Divya Prabha (Lucy Guest) says that in some mysterious ways unconsciously her passion for Sanskrit came with her from her previous life. She remembers as a child being fascinated with the calligraphy strokes that she says she now understands to be ए. “I had known since a young age that I was going to do “something” what that was over time became clearer and also eventually manifested unexpectedly!” says Divya.
Children at the gurukula which Divya runs in Varanasi - the International Chandramauli Charitable Trust - get up at 3 am even in winter and start their day with sandhya, mala japa, asana, pranayama dhyan till 6 am. They study the Vedas from 7 am till 12 pm and then Sandhya and lunch followed by a break. Then they start vyakakaran, jyotish, ved bhashya, maths, English and computer science. Evening Sandhya and Japa is at 5.30 followed by live Rudrabhishek. “Then time for supper and off to bed so a very full on day.”
Divya did her Undergraduate and Masters with Honours at Oxford University UK, in Metallurgy and the Science of Materials. After some years of working in the City in London and on Wall Street for American Investment Banks, she changed the course of her life by leaving the UK with Brahmrishi Vishvatma Bawraji Maharaj. She continued to learn under Swami Yoganand Parivrajak and came to Varanasi in 2006 to embark on Traditional Sanskrit Studies at Sampurnanand Sanskrit Vishwavidyalaya, Varanasi.“The real beginning in this life started with a life changing experience in meditation in 1999 which then brought Sanskrit mantras and Patanjali’s Yoga darshan into my life. There was a never a conscious decision to study Sanskrit because for me it was part and parcel of practice,” says Divya when asked when she decided to learn Sanskrit.
The deep immersion in Sanskrit occurred once she arrived in Brahmrishi Vishvatma Bawraji’s ashram in the foothills of the Himalayas “where he taught amongst other things the Gita daily in English to a small group of us students. At that point I became inspired to read the Gita and Devanagari and every morning I would play a cd of Gita shlokas and attempt to join the sound through the transliterated letters to the original Devanagari form. It had a deep transformational effect on me where I felt a deep peace and steadiness combined the sense of knowledge being uncovered,” says Divya.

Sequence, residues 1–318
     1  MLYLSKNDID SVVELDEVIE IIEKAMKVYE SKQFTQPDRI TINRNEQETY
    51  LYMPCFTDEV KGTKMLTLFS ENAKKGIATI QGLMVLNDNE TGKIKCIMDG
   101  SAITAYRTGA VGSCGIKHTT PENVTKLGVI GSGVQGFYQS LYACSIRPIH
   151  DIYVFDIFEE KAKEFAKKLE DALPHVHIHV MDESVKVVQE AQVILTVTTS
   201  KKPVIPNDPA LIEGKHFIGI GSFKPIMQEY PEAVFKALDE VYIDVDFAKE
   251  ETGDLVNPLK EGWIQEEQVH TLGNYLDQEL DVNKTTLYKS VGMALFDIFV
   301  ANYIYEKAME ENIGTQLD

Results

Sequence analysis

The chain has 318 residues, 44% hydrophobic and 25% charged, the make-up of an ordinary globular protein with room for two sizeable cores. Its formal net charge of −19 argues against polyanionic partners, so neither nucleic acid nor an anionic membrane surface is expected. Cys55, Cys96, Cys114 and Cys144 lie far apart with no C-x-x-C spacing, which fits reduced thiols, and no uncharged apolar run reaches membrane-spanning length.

For Divya, Sanskrit is much more than a language. “It is a divine energy where the words and their meanings are eternal and that each of those vibrations is specific in terms of the effect and the form manifested as a consequence of that sound/energy. The more you study the closer you get to your real self which is of course the aim of life. In the Atharvaveda it says ashthachakranavdwaradevanam purayodhya ie this body which consists of eight chakras and nine gates is the dwelling places of the devatas and it is called Ayodhya - na yodhya Ayodhya ie the place of no battles/fighting you can say.”
“This means that Sanskrit which we also call devbhasha - divine language really exists inside us so it is a question of polishing the colourless crystal of the intellect, to go beyond the three gunas, to dissolve our individual mind, ego and intellect to get closer to the source of Sanskrit which automatically brings expansion in consciousness and ultimately knowledge of Paramatma.”
What connections do Yoga, Sanskrit and Consciousness have for Divya? “Yoga is intrinsically intertwined. If we look at the meaning in Panini’s Dhatupath (approx 2000 verbal roots split into ten ganas (root families)) we find yoga comes from two verbal roots. The first युजँ समाधौ and the second युजिर् योगे. The first gives the meaning of Samaddhi for yoga and the second union. Due to the specific nature of vibrations I am not a fan of translating into other languages but for the purposes of getting the just we could say that Sammadhi means Stable intellect/stable wisdom. The practices of yama and niyama before asana are of course essential and asana can be better understood through Patanjalis definition of sthirsukhamasanam ie that which is stable and pleasure giving (comfortable).